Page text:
I got to see Murcer play in person in the 1970s, so the sight of No. 1 at the plate is etched into my mind. My favorite Murcer performance, though, might be one I heard on the radio during a doubleheader in 1970, when he tied a record by hitting HRs in four consecutive games.
In October 1974, the Giants acquired Murcer for Bobby Bonds in a trade that blindsided Yankees fans (I admit, I got a little emotional about that one). Fittingly, though, Murcer returned “home” midway through the 1979 season. His most memorable moment during his second go-round in New York was a dramatic five-RBI night in August 1979 in the Yankees’ first game after Thurman Munson’s death. Murcer’s three-run homer made the game close, and his two-run double in the bottom of the 9th inning sealed an emotional 5-4 win in honor of his friend.

No wonder I held onto my treasured 1960s and ’70s cards – his Topps regular issues, coins and inserts, Kellogg’s releases, and Hostess cutouts. I saved every Murcer magazine cover from the era, plus newspaper clippings, Yankee game programs, yearbooks and posters. And I’ve been adding to them all along, usually at affordable prices. I say “usually” because a 1972 Murcer “In Action” card, No. 700, sold on eBay last month for $1,170: It boasted a perfect PSA-10 grade. You’ll find ungraded copies in the $10-$20 range.
Murcer’s autograph sells in a wide range of prices, depending on whether he inked it on a trading card (I’ve paid anywhere from $10-$50 for various signed inserts), a photograph ($25-$100), or a baseball ($50-$125).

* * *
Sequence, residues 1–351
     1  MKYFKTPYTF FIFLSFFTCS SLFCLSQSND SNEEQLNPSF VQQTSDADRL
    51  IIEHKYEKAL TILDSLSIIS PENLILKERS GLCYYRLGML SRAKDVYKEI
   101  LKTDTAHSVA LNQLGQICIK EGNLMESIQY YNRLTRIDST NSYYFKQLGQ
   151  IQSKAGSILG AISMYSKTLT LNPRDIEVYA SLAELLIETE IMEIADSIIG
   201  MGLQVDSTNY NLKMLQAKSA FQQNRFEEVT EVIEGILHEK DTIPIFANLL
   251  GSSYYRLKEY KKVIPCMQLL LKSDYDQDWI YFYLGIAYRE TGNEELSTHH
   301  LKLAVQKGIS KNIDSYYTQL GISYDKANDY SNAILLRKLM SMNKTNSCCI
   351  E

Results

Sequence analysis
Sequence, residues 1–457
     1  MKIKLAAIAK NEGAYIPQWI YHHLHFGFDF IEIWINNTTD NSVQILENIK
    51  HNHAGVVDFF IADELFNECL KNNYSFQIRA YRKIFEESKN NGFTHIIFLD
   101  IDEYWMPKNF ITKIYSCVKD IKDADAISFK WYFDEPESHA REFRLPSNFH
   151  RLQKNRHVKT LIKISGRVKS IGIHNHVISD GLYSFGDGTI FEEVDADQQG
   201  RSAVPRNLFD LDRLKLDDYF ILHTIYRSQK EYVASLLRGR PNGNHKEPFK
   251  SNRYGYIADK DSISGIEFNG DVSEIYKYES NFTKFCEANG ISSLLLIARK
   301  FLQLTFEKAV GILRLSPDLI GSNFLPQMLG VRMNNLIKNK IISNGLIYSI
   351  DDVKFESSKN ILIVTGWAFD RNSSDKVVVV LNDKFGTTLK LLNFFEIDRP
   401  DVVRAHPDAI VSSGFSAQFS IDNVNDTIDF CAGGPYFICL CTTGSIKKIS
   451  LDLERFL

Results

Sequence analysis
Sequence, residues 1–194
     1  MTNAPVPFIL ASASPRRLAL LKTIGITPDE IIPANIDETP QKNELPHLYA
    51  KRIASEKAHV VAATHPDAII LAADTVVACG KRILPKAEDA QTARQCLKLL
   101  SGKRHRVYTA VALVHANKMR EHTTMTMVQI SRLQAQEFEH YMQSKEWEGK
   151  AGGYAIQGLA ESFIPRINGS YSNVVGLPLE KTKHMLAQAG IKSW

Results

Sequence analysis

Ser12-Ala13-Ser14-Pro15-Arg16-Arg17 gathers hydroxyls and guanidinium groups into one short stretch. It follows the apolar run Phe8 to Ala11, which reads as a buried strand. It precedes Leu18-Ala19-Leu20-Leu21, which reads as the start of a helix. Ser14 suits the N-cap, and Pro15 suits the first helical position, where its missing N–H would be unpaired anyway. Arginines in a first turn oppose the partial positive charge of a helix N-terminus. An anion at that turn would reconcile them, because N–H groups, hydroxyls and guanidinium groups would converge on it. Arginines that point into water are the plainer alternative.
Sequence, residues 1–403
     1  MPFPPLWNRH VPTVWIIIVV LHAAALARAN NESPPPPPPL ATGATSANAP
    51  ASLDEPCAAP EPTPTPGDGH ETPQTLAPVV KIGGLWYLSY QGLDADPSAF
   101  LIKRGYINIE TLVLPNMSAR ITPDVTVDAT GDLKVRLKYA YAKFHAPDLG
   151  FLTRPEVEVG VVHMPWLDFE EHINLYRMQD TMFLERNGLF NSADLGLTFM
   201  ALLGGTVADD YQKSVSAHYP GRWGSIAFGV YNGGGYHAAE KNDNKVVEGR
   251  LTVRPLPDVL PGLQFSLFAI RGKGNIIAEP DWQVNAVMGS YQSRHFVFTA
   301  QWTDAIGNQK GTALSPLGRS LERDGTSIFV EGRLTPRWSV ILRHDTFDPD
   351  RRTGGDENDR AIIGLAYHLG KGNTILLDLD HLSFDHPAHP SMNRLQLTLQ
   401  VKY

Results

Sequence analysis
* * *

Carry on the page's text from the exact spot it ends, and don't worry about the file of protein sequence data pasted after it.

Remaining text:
My treasures got trumped in 2004, however, when I got the chance to interview Murcer after a spring training game. Somehow, he matched the image I had all those years – approachable, pleasant and well spoken.

I saw Murcer again in 2005 and presented him with a copy of The Boys of Spring. His photograph appears twice in the book: Sweet captured him as a fresh-faced rookie in 1966 and as a broadcaster in 2004. The two of them enjoyed reminiscing about that first session, when the 20-year-old Murcer’s face seemed to light up by the mere presence of Mantle.

In 2006, Sweet and I returned to spring training for an assignment, but we missed Murcer. Otherwise, Ozzie attacked his work just like he always did. Little did I know that a year later, in February 2007, Sweet would undergo surgery to remove a brain tumor. It was a benign tumor, but the operation itself was risky.

Despite some tough days following the surgery, Ozzie, now 88, pulled through, with his wife of 33 years, Diane, and his family and close friends rallying in support. As I file this column, thankfully, he’s ready to return to his coastal Maine home.

“Ozzie, you always said you wanted to retire at 90,” I told him last week, “so I’m holding you to that. Count on going to spring training in 2008.”

The first name we’ll look up? Bobby Murcer. In the meantime, I’ll keep sending positive thoughts and prayers in the direction of these “classics,” and I hope you will too.

Larry Canale is editor in chief of Antiques Roadshow Insider, author of The Boys of Spring (2005), Tuff Stuff’s Baseball Memorabilia Guide (2001) and Mickey Mantle: The Yankee Years (1998). Write him via e-mail at larry.canale@comcast.net.